Apart from loading DC with regular antigens, Xu et al.[16] used cancer stem-like cells (CSC) as sources of antigens for DC vaccination, given that these cells express increased levels of MHCs and tumor associated antigens. This vaccination induced antigen-specific Th1 immune response and, when tested in 9 L CSCs brain tumor model, it resulted in robust antitumor T-cell immunity and a significant survival benefit.[16] Another interesting approach is the possibility of preloading DC and CD14+ cells with chemotherapeutic drugs before immunotherapy. In a recent study, both CD14+ and DCs were incubated with paclitaxel for 24 h. The cells loaded the drug and this was subsequently released in the conditioned medium. Growth inhibition was observed when this medium was used to culture U87MG cells.[17] Of note, U87MG is a commercial cell line that has been expanded in vitro for many passages, thus its utility in defining therapeutic approaches for glioma is questionable.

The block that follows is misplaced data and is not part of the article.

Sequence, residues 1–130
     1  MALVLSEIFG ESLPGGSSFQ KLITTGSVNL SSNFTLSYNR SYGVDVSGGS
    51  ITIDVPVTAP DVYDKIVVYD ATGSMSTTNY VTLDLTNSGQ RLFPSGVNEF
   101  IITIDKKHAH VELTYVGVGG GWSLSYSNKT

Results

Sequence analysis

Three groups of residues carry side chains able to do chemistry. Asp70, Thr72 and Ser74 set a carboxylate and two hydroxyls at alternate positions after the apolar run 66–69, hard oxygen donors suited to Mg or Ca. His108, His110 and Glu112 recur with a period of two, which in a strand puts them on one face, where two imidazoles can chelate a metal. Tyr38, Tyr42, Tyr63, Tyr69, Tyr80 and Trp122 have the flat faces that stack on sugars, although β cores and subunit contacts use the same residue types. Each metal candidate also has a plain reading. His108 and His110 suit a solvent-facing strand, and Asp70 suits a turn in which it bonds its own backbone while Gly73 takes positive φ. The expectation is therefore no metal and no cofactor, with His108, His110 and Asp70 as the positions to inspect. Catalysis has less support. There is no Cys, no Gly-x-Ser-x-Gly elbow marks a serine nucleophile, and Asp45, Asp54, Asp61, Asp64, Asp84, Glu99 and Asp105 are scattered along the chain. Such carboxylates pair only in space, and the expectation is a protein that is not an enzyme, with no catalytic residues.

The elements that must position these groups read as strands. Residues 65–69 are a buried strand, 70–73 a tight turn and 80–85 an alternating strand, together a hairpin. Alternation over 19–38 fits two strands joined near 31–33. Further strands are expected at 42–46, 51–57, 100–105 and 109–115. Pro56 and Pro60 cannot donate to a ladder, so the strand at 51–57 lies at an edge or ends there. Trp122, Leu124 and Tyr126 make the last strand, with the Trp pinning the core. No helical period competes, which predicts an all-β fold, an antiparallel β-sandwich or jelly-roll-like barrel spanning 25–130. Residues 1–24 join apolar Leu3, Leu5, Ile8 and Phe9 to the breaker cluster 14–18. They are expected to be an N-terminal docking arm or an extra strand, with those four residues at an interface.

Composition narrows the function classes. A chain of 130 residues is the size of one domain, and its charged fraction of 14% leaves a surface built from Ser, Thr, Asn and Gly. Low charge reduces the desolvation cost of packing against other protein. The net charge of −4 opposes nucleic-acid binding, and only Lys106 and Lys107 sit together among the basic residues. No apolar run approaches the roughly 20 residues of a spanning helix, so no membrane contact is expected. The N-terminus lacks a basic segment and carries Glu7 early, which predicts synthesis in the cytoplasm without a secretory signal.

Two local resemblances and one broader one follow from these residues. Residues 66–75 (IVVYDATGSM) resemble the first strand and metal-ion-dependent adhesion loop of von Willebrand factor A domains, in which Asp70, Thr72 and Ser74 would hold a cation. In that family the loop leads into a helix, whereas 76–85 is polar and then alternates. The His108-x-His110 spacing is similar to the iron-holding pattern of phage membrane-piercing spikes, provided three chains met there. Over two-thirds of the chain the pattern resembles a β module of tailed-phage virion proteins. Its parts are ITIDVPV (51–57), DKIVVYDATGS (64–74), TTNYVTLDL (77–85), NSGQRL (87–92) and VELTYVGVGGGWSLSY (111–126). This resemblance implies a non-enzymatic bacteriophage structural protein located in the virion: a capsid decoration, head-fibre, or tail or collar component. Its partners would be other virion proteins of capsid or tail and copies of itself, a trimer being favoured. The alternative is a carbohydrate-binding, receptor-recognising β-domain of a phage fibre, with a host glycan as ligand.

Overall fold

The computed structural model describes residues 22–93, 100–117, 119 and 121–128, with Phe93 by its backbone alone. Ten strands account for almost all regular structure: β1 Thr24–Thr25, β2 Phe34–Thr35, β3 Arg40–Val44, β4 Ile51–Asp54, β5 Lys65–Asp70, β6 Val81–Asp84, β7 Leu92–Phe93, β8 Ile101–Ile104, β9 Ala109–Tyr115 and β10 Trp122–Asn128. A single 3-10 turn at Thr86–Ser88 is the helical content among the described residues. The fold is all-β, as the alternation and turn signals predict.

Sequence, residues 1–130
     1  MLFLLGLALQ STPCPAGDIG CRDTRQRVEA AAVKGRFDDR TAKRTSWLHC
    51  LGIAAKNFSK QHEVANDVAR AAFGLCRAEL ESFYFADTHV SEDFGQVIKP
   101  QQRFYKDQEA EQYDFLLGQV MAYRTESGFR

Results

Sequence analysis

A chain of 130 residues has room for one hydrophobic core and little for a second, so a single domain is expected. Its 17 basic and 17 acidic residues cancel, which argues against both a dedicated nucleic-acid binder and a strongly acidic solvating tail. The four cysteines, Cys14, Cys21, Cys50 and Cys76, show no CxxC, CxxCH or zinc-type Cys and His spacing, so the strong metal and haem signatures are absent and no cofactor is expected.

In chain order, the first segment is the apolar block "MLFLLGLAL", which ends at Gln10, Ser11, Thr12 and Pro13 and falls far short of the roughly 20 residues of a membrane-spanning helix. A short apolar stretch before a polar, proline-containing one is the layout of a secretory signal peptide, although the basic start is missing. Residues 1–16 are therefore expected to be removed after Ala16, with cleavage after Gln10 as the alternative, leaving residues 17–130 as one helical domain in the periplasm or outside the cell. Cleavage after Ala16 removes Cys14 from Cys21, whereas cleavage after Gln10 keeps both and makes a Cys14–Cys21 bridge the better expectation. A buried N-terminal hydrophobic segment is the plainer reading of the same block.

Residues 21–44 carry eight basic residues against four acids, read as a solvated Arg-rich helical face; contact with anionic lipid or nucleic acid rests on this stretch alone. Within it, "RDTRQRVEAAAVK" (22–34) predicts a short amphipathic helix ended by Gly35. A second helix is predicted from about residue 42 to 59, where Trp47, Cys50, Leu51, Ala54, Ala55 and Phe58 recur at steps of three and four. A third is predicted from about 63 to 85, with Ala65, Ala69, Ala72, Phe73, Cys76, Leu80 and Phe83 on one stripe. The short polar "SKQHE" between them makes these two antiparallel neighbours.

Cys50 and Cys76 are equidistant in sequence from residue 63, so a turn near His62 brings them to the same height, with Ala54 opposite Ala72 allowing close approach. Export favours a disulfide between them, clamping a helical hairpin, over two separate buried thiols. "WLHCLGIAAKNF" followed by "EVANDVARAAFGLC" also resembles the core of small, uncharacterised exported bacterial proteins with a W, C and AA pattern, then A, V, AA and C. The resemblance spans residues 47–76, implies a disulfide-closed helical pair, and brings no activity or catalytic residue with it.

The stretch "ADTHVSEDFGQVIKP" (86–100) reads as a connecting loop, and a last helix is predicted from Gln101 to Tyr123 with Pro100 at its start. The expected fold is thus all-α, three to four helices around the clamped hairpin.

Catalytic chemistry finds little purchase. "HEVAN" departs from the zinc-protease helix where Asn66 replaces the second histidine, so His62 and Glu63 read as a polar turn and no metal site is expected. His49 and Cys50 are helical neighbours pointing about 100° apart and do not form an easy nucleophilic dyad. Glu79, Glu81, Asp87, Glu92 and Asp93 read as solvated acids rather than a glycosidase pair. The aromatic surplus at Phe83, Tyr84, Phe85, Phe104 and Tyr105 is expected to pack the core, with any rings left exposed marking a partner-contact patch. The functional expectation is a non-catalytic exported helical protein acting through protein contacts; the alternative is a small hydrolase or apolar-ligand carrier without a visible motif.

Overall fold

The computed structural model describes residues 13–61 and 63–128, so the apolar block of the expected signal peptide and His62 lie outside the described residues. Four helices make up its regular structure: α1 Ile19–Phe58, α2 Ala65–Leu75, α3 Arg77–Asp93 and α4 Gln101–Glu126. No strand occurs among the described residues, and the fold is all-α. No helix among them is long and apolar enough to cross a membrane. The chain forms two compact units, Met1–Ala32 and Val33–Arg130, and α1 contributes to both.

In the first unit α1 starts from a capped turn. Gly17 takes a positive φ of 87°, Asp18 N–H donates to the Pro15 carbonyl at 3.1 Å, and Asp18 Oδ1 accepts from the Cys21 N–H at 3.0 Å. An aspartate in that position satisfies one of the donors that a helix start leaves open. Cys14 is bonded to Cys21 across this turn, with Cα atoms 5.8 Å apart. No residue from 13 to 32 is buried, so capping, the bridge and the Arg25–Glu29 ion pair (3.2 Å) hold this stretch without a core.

The rational for vaccines lies in the presentation of tumor associated antigens in the immune system. Several ways exist to provide antigens for vaccine administration, one of which is autologous DC as previously described. Recently, a vaccine called Gliovac (ERC 1671), was prepared using autologous antigens that derived from excised tumor tissue and were combined with allogeneic antigens from glioma tissue resected from other GBM patients. This vaccine was capable of triggering powerful polyclonal immune reactions. When administered in 9 recurrent GBM patients, that were treated with surgery, radiotherapy, temozolomide and bevacizumab, the vaccine showed minimal toxicity and enhanced overall survival that reached 77% at 40 weeks.[18] Vaccination with rindopepimut, composed of the EGFRvIII peptide sequence conjugated to the immunogenic carrier protein keyhole limpet hemocyanin, showed promise in a phase II study. The median progression-free survival and overall survival was 14.2 and 26 months in vaccinated patients compared to 6.4 and 15.2 months in controls, respectively.[19] A Phase III clinical trial is now underway. One major disadvantage of peptide vaccines is that a different treatment strategy is usually required when tumor recurs. Sampson et al.[20] showed that the EGFRvIII-targeted peptide vaccine triggered loss of the EGFRvIII expression in 82% of patients at the time of tumor recurrence.